A knife is a hand tool for cutting things into pieces, or occasionally for scoring cuts in something without actually cutting through it. For convenience, in this Entry, the material to be cut will be called the stuff.
Structure and Method of Use
A knife is usually made up of two parts, the blade and the handle.
The handle is designed to allow the user to apply pressure to the blade in comfort, and so is usually reasonably rounded and of a size that can be easily held in the hand. Some knives have their blade and handle made out of the same material, such as flint or metal. Many use different materials, as the differing desired characteristics of blade and handle can often be best met by two different materials.
The blade is a structure designed to allow the application of pressure to as narrow a strip of stuff as possible. If a tool is designed to apply pressure to the smallest point possible, then you have an awl, not a knife. The narrowness of the blade gives a very high effective pressure (force per unit area) with a relatively modest application of force. This pressure causes stresses in the stuff and the bonds between its molecules to break, splitting the stuff. This is called a cut.
The knife is often moved backwards and forwards to use local stickiness (or deliberate roughness, often called serrations) at different points on the blade edge to apply an additional force to the stuff, perpendicular to the main applied cutting pressure. This additional pressure further encourages the breakage of molecular bonds.
The effective use of a knife requires the application of an equal and opposite force on the stuff. This is often provided by a hard surface such as a chopping board. Sometimes the stuff itself provides the required force, as would occur if a knife is used to carve initials on a dead tree. Someone, somewhere realised that the force could also be applied by another blade, and scissors were invented.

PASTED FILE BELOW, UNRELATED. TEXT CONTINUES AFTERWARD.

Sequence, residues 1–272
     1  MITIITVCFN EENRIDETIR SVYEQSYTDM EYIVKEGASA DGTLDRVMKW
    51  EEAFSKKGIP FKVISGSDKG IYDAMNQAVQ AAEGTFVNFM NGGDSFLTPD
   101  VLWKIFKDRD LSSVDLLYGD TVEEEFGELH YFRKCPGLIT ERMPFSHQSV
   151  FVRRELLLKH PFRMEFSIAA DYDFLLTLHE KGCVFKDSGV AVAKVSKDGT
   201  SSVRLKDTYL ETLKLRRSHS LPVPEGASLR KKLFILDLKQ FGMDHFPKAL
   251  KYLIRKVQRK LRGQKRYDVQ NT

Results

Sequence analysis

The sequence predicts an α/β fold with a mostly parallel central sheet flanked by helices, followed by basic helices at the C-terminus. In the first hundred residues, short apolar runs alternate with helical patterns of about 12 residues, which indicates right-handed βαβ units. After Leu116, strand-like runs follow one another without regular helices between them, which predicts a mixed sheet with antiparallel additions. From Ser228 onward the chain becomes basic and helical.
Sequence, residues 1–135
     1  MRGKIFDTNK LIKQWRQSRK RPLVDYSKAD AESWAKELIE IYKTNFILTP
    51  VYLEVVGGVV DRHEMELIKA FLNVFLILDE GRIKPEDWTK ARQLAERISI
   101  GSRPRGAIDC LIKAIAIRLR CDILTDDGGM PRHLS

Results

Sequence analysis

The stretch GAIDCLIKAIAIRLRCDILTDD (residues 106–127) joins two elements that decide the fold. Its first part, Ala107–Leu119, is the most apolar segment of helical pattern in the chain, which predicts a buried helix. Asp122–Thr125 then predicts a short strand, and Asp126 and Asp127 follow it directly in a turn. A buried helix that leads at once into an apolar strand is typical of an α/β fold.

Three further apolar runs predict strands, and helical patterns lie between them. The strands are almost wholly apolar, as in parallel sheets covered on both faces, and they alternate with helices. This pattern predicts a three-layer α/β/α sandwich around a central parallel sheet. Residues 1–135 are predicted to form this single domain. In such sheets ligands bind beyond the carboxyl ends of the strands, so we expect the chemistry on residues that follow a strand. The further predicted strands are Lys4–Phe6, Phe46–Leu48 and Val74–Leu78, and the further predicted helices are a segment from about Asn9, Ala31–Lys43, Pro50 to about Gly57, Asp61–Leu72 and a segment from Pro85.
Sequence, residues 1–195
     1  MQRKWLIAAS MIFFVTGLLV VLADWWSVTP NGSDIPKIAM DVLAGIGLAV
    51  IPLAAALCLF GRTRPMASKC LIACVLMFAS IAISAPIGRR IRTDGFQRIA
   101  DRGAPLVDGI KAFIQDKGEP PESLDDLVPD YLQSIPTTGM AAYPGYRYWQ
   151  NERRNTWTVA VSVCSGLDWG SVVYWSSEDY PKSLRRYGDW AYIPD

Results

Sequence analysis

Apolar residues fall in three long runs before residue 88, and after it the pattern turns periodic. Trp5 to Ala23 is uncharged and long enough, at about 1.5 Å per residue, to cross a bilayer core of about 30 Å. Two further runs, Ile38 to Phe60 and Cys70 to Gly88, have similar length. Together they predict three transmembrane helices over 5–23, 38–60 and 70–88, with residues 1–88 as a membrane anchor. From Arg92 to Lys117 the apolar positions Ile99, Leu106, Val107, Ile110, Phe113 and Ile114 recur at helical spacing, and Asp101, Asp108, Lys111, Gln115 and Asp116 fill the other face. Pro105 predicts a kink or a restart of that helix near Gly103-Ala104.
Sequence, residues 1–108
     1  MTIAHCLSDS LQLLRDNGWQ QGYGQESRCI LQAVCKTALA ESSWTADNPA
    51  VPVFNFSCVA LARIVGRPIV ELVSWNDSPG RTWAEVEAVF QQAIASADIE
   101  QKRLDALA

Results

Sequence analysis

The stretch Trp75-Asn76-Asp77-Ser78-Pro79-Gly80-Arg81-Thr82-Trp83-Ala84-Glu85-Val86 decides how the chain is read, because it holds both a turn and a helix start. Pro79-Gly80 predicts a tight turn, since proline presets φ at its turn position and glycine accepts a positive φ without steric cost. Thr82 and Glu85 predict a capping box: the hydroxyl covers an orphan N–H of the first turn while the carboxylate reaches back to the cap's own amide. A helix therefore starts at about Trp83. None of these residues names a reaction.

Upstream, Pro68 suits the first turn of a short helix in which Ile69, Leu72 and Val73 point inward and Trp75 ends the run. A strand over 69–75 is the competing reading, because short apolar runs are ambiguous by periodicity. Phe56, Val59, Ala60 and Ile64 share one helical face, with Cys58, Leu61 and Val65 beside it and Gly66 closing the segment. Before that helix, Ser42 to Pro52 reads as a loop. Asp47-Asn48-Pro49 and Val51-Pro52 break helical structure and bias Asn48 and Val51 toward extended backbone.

Properties and Limitations
A knife is limited in what it can cut by the sharpness of its blade, its hardness and the strength of the person using it. If the stuff is harder than the blade, the blade will deform faster than the stuff will be cut, rapidly thickening the blade and making little or even no permanent impression on the stuff. This is called blunting the knife.
A knife can be sharpened by removing molecules from the edge of its blade in such a way as to create two acutely intersecting planes giving a very narrow edge. This is often done by holding the knife against a fine abrasive surface at the appropriate angles, and moving the knife or the surface (or both) until the required removal is completed. A lubricant (paradoxically) may be used to help this process and give a smooth edge to the blade. Water or mineral oil are commonly used for this. This is called whetting the blade.
Another limit on what a knife can be used to cut is imposed by the strength of the blade, which can break if the applied force is greater than it can stand. This can be dangerous.
Some knives are designed to cut very soft materials. These knives usually have very rounded edges, as there is no need for them to be sharp. Examples include butter and fish knives.
Among the sharpest knives are those used in eye surgery and their blades are made of glass.
Some knives have blades with a variable relationship with their handles. These include pen (or clasp) knives, which have a hinge in them allowing the blade to be folded into a groove in the handle. An elaboration of this is the flick-knife (or switchblade), which contains a spring that is compressed when the knife is closed and that flings the knife open when a button is pressed. Other knives, such as the Stanley knife, have disposable, replaceable blades and these can often be retracted into the handle when the knife is not in use.
There are many forms of knife, each suited to their task and shaped by thousands of years of design based on the experiences of their users and makers. New materials continue to extend the possibilities of knife design. The story of the knife is not over yet. Oh no.